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Information Fluency Home Page

A starting point for students and instructors seeking evidence based advice on research, being an alert consumer of information, and other literacies of the information age.

Information Fluency in the Classroom

As a student your classes with a research requirement are asking you to practice several fundamental skills:

- Writing for different audiences and purposes.

- Knowing what information you need and where to find it to satisfy your purposes.

- Comparing and contrasting different sources of information to create new materials.

- Demonstrating an awareness of how information is created and respecting the rights of creators.

"Fake News"

Knowing what is real and accurate can be challenging. The skills you develop as a student researcher can help you learn how to avoid misinformation. Ideally after some experience with working on research projects you'll be able to appreciate what sort of effort goes into responsible information creation and sharing as well as how to spot the signs of responsible, good faith effort in the information you consume.

If you are trying to be a savvier media consumer, we have some tips for you. 

Librarian Kevin Arms (not affiliated with SCF) talks about what information literacy is and why it matters. Spoiler: fake news can cause real harm.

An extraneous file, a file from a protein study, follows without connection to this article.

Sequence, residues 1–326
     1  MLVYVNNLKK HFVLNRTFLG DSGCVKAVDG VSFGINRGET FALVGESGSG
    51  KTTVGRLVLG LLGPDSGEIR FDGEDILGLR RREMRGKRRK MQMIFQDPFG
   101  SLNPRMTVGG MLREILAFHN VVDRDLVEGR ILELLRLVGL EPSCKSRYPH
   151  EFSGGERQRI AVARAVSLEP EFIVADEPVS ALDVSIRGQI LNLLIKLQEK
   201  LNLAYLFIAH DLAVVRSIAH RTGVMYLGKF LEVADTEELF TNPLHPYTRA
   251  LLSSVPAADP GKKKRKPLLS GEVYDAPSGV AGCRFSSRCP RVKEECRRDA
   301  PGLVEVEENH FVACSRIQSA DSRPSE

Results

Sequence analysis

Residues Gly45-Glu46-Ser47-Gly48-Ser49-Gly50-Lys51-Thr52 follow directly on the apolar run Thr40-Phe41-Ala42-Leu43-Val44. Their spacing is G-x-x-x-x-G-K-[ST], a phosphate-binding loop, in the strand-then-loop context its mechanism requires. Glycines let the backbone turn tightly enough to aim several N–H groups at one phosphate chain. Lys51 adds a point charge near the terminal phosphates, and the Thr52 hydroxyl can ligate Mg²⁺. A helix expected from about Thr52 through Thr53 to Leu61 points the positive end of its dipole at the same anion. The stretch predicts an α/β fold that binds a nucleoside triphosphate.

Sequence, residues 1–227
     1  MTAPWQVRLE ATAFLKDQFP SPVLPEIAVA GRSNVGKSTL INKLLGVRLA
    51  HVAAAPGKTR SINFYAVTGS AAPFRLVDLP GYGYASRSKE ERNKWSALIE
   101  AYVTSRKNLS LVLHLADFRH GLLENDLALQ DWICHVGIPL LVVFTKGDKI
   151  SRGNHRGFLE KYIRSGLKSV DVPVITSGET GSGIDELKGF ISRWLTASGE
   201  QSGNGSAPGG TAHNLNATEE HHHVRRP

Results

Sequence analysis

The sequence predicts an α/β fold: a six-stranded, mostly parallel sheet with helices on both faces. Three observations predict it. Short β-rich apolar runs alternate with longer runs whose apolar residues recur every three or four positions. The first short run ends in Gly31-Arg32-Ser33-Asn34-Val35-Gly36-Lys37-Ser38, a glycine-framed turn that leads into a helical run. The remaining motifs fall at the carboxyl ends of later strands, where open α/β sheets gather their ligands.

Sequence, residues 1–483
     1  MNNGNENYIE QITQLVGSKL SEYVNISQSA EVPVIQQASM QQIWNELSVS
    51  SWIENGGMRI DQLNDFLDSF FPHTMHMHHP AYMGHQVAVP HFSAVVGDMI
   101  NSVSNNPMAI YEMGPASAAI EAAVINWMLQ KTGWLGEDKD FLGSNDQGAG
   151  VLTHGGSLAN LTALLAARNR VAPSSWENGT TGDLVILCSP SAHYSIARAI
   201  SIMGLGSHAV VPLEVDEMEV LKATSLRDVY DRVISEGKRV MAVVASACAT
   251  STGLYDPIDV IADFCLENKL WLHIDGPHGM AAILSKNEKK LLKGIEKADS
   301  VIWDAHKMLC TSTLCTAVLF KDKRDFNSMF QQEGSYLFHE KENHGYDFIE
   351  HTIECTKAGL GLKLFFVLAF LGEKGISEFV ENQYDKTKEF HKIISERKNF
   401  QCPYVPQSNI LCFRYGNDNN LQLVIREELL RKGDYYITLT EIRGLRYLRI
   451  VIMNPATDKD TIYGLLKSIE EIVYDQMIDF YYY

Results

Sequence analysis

What IS Fake News? How do I recognize it? What does good or real news look like? Watch for tips on how to do your research and avoid getting scammed by manipulative misinformation. Watch in YouTube for quick links to specific topics.

Tools for Evaluating Information Sources

As you may have become aware, there are many tips and tricks for spotting fake news or being information fluent. The reason for this is two fold.

First is that the information landscape we are living in is complicated. It can be hard to trace back something that is being presented as a fact to its origin point, especially if the content creator does not provide any references or those references are ambiguously worded or very technical. A big part of spotting misinformation is becoming better at knowing when to question what is being presented to you, asking better questions when you do question, and ultimately having a good working knowledge of where and how to find reputable information to answer your questions.

The second reason there are so many different ways of thinking about information fluency is that we are all different in our background knowledge and how we think about things. Therefore this next section will offer many different approaches to thinking about the quality of the information we consume.